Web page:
Re: virus: Hope

Tim Rhodes (
Sat, 7 Jun 1997 13:58:25 -0700 (PDT)

On Sat, 7 Jun 1997, Yash wrote:

> >My question: if the order of speakers was changed around, but each of
> >their patters remained the same, would the resultant pattern have _any_
> >similarity to the previous one? I would say no... chaos.
> But then if you noted the numbers in the order in which each person was
> previously seatedn then youget the original number order as well.
> If the new order of seats has geometrical symmetries, like say only
> a roation around the center (one seat displacement of everybody),
> then you'll find the ordered number easier. It's just a matter of knowing
> the meta-rule which say "change the order of the persons this way" and
> then applying it in reverse.

It seems like you're saying, "If you generate random numbers using a
formula, it won't be random and it'll have a pattern that reflects, at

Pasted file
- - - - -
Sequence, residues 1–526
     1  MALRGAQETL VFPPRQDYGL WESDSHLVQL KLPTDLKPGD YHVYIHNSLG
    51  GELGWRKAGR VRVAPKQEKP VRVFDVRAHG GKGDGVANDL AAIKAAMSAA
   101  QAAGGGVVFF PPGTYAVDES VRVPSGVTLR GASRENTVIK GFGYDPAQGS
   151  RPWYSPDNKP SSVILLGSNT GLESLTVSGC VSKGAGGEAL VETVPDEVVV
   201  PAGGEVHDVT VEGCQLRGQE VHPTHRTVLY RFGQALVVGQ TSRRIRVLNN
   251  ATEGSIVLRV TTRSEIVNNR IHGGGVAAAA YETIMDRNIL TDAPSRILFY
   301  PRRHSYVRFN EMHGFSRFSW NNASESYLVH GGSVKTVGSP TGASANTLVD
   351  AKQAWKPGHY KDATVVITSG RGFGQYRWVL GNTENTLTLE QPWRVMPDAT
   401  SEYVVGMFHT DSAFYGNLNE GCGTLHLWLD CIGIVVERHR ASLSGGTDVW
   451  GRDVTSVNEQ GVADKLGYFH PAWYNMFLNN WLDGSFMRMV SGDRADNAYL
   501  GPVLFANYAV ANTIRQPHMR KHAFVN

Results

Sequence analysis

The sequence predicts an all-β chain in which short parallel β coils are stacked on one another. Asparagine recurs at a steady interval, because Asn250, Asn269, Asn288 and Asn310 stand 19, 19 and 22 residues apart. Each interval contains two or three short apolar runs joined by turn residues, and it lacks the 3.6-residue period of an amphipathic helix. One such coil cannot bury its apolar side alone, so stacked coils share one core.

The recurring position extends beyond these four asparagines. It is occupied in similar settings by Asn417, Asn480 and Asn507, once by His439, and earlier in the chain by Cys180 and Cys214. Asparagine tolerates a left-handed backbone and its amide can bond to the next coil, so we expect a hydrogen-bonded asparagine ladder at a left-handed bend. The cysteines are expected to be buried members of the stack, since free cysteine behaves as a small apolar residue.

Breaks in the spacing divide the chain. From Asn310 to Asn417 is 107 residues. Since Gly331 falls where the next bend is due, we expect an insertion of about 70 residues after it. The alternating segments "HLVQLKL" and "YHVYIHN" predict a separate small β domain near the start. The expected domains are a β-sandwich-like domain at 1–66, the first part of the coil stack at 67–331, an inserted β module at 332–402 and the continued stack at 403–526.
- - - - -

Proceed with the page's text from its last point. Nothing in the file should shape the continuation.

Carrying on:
some level, that formula." Is this your idea?

In music, if a chaotic, random, unstructured section is called for in the
piece the players always fall into a "pattern of chaos". There are
certain qualities and "anti-rhythms" that are common to all sets of
trained players playing "chaoticly". But this is the result of the
patterns they have been taught (and are consciously trying to break), not
the echoes of some universal pattern of music.

If you can find order in /any/ random set of digits it says more about the
pervasiveness of your "order finding" faculties than about the digits

The beauty and wonder of our ability to find order in chaos, now that, that
is truly a remarkable and astounding thing.